Documentation on Formats Has ?'s After Rarity

I have to admit I haven’t really looked at this document ever (I can identify most formats quite easily) but was curious as to why some items have question marks after their rarirty?

I’d consider things like CD-R to be common, no question about it - same for Enhanced CD’s.

Also further down, Cassette rarity Common?

I mean surely widespread, cassettes were probably one of the most popular music formats to exist. Out of the top 4:
CD, Vinyl, Cassette and Digital

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The wiki can sometimes be misleading as to it’s ‘officialness’. You can totally get stuck in and edit if you think something can be improved!

The page history here features @chaban, @HibiscusKazeneko, @JesseWeinstein and @jesus2099 did some rarity editing, maybe they have some thoughts.

That column is a bit of a can of worms so might not be worth worrying about too much. e.g. cassettes were produced in massive amounts, but how likely are they to be added to the DB?

Interesting stats from a quick goog:
Cassettes: 30 bil
CD’s: 200 bil
Vinyl: couldn’t find

I mean hopefully, very likely! Just gotta find people who wanna do it :laughing:


As one of the people mentioned – please, go ahead and remove the “?” from any rows that you think are clear. The wiki is free for anyone to edit.


I feel like im being very dumb, as I cannot find an edit button on that page :thinking:

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Totally understandable – thank you for asking about it rather than being confused silently! That page is actually the un-editable copy of the editable version, which is linked from the bottom (where it says “This page is transcluded from”). The editable version (once you log in (I think it may be a separate account…)) is at Release/Format - MusicBrainz Wiki


Not sure about that. I think proper releases on CD-R that are eligible to be added to MB are properly indeed not very common. Maybe for small artists who give out self produced CD-Rs. I have one of those.


I’d have to disagree, most (at least in the UK) small-time local artists would have put out their music on home-made CD-R releases. Along with this there are many hundreds of promotional CD’s distributed to radio stations and similar that are also on CD-R.

I mean Discogs has 600,000+ listed in their database already:


If you compare with the amount of real factory CD, it’s peanuts. :stuck_out_tongue_winking_eye:

I only have 6 CD-R in my collection: 0.53%

It depends how you source music. Thanks to the MB Collection I have listed of 600 of my CDs I can work it out for my small UK based sample.

I have 4% CD-Rs in my collection from various routes.

That is more than twice as many as I own Enhanced CDs (1.6%), and 10 times more than Copy Control CDs (0.4%).

Many are promos, some are from gigs, others direct from artist releases. A lot from trawls of EBay of something unusual. You also find big bands like The Pixies who will release recordings of concerts on the same night as the gig on CD-R.


The clickly link for blu-spec CD goes into a dead wikipedia page. I would question how “common” they are. I had to do an online search to understand what they were. (Normal CDs created on a Blu-Ray production line by Sony)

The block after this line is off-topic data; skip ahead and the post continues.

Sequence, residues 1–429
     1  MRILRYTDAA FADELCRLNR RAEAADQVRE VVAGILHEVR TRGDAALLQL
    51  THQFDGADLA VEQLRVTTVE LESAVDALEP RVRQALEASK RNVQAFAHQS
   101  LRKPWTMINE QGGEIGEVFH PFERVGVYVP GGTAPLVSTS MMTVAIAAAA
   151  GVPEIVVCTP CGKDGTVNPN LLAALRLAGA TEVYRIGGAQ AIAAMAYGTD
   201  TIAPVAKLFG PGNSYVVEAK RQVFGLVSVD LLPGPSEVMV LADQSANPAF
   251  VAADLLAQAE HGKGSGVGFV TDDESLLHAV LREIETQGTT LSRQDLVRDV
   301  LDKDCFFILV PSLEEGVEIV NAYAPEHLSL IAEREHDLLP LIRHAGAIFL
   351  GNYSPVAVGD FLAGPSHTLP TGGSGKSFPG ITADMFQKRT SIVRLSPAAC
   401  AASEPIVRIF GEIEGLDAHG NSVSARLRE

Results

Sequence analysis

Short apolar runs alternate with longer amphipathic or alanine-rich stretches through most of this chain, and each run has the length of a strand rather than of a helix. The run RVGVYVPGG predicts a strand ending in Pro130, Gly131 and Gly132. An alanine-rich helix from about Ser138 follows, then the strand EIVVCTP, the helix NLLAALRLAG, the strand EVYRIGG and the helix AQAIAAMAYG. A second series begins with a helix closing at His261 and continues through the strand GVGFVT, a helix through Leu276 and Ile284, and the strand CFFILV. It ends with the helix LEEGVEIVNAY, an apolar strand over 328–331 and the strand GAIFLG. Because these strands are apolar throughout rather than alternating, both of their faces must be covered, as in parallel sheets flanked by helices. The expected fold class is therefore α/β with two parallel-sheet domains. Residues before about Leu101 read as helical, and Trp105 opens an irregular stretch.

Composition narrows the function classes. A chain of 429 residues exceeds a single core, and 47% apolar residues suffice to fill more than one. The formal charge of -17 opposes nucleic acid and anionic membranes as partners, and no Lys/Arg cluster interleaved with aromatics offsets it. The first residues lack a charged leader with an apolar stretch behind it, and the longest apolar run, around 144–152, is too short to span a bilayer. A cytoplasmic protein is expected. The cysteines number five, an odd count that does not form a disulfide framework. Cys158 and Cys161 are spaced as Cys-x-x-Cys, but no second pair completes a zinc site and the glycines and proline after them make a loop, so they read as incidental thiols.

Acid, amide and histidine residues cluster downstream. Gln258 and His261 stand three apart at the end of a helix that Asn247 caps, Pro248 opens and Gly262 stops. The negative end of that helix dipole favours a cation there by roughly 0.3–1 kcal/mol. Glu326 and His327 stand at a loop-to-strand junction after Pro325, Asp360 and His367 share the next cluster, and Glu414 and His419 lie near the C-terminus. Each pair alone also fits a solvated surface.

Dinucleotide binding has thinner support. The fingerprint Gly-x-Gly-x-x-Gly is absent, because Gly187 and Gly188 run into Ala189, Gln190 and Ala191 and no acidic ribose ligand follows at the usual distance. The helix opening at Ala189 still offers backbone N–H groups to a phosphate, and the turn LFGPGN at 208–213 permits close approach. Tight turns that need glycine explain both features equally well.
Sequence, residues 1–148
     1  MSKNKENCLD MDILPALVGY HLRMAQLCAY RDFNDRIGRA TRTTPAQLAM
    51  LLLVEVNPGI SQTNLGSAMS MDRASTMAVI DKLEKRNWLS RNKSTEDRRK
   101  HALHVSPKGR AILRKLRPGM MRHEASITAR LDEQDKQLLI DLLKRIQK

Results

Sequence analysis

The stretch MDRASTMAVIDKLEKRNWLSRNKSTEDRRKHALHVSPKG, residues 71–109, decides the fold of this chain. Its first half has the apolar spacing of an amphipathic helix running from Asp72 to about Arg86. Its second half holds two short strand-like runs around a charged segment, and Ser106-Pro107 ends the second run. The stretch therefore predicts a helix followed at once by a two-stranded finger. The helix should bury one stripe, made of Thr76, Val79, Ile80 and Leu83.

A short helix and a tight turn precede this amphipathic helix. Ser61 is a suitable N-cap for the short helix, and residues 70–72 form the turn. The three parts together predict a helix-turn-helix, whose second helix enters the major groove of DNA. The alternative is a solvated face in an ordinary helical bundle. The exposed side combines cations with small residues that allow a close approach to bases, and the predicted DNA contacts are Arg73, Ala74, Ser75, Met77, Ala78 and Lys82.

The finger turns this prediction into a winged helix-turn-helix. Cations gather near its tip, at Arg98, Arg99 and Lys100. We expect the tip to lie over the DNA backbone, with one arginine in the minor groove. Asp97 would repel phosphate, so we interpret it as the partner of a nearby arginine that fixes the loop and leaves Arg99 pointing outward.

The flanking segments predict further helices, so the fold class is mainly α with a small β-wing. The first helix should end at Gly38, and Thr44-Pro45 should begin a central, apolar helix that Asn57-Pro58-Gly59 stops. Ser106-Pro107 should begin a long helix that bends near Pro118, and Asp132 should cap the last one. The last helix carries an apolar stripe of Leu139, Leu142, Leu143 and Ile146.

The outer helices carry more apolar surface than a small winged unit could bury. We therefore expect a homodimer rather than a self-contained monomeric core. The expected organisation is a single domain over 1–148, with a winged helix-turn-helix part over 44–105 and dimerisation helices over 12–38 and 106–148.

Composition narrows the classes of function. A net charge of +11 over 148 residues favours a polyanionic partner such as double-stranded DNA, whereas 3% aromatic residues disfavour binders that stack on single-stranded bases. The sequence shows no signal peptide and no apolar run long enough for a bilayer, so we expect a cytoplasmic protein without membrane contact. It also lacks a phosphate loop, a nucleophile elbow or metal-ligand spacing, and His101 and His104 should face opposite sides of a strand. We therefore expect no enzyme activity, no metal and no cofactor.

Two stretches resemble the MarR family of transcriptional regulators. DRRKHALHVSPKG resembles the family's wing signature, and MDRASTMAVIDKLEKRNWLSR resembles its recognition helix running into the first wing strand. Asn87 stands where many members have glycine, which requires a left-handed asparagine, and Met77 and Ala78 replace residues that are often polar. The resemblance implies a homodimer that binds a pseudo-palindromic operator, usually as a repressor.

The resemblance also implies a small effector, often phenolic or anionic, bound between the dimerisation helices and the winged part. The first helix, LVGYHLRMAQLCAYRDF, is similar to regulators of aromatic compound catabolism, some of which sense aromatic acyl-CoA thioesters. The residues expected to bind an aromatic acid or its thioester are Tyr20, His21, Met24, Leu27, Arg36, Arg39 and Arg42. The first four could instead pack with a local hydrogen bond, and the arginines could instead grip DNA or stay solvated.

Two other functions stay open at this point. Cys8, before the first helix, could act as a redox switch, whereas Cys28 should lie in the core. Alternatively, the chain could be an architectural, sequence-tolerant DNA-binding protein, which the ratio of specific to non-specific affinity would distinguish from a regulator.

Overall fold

Sure but if you then compare the numbers of CD-R’s to say MiniDiscs, then CD-R’s are king.

The big issue here is that “rarity” needs to be established, what are the thresholds for each “class”.

And just because you only have x amount in your personal collection doesn’t then equal is rarity, on that basis I have say about 20 audio cassettes but that doesn’t mean they’re super duper rare.

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I’d call CD-R common when compared with other formats. I would ask “how many people have a (legit non-bootleg) CD-R on the shelf?” And then “how many people have a SHM-CD on the shelf”?

I would have thought you’d get more replies that people own CD-Rs.

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Maybe a more suitable question is whats the point of the rarity column anyway? It just seems a point of contention - its an opinion, not a fact.

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CD-R and recordable cassettes and recordable (opto-magnetic) MiniDiscs don’t really count for many releases.

Most people (including me) have used cassettes and MD for personal compilations.
Not something that counts as an MB release, hopefully.

And most people who have CD-R in their shelves (not my case) are usually straight copies of commercial CD that they borrowed and copied.
Participating (with similar MP3 users) to the decline of the disc market and the fall of artistic revenues on record sales, leading to the shit digital release world we have now.

Copies also are not MB releases.

But demo and promo CD-R, cassettes and recordable MD do count.
But they are fewer than commercial cassettes and maybe equally uncommon as the commercial (optical) MD.

But sure this column is not really needed, and it can never be accurate.

Fully agree. I guess for the column to be useful the criterium should be: how likely is the format I have in my hands to be this given type. That means that the current distribution among MB entries could be used as a guide to fill this column, once we agree on suitable thresholds.

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But surely most of these formats have some kind of other way of being identified.

All formats will follow a specific size, and possibly weight, along with identification marks etc.

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Usually by branding on the packaging. That’s how I spot them. And CD-R by colour, 8cm CD by size.

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Perhaps it can be an aid when you’re in doubt? That’s what the table is originally meant for, I guess.